What are you arguing? What is the alternative you are proposing, how is any of this inherent to radicals organizing themselves?
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    What are you arguing? What is the alternative you are proposing, how is any of this inherent to radicals organizing themselves?
    two points here.

    1) i think it is inherent to radicals organizing themselves as "activists". i.e. participate in particular single issue campaigns that are more or less spectacles where "community organizers" "radical students" and "ideologues "participate.

    2) i am not proposing an alternative. the only real alternative i can think of is to stop "trying" to create artificial struggles, and instead intervene in the self-movement of the class.
    Formerly dada

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    two points here.

    1) i think it is inherent to radicals organizing themselves as "activists". i.e. participate in particular single issue campaigns that are more or less spectacles where "community organizers" "radical students" and "ideologues "participate.

    2) i am not proposing an alternative. the only real alternative i can think of is to stop "trying" to create artificial struggles, and instead intervene in the self-movement of the class.
    Ok, but these seem to be at odds. Wouldn't "intervening" in existing struggles (#2) be participating in struggle (#1)? Are you arguing for "pure" agitational efforts that only promote self-emancipation of workers but don't try to enable that in practice by building grassroots struggle or campaigns of existing workers?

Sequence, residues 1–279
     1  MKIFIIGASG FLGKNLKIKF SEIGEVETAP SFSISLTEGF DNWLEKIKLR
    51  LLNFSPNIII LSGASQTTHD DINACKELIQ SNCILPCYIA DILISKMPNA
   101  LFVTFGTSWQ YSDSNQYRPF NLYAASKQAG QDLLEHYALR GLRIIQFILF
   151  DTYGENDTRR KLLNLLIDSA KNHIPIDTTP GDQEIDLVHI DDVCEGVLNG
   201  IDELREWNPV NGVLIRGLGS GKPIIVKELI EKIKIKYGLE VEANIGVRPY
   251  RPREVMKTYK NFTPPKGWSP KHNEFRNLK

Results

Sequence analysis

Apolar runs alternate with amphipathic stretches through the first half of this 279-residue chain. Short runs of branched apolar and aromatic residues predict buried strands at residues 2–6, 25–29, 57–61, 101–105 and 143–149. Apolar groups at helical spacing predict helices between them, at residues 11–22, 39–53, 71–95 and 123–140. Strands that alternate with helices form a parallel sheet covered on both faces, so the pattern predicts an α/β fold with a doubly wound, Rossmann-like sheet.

I have never been a part of organizing anything out of the blue that there wasn't already some kind of initiative around already. I don't think the IWW has ever gone into a shop to convince people to unionize when they had no interest in it already. On a practical level, it would be a wasted effort when there are many workers out there already who are engaging in things or looking to protest the war or prisons or austerity or their own workplace bosses or their capitulating union officials.

    It sounds like you are against certain kinds of organizing, not organizing and that why I'm questioning what you wrote. Sure, don't join a group that's seeks to take over unions from the top or whatnot if you disagree with that strategy, that should be common sense to anyone. But there's nothing that inherently makes groups do this. In one of the local unions here the main bureaucrat is an independent radical and because they have no other way of having an impact (because they don't work with a group of like-minded people) is by attaining a position of authority in their workplace and enacting "good policies". So again, this is not a problem of organizing - in fact, I think it's more the lack of struggle over the past few decades that has caused groups (and individuals) to do some of these things that you rightfully criticize.

    i am not proposing an alternative. the only real alternative i can think of is to stop "trying" to create artificial struggles, and instead intervene in the self-movement of the class.
    Of course the irony is, how would you be able to achive this change current situation without organizing with like-minded people to promote this strategy and show in practice why it's correct... then people would begin to call that the Black Magikist tendancy and some people might take it in a strange direction and become dogmatic about it

    But seriously, I think it's more a problem of how people have been organizing, not organization in of itself.
    Last edited by Jimmie Higgins; 29th August 2011 at 10:25.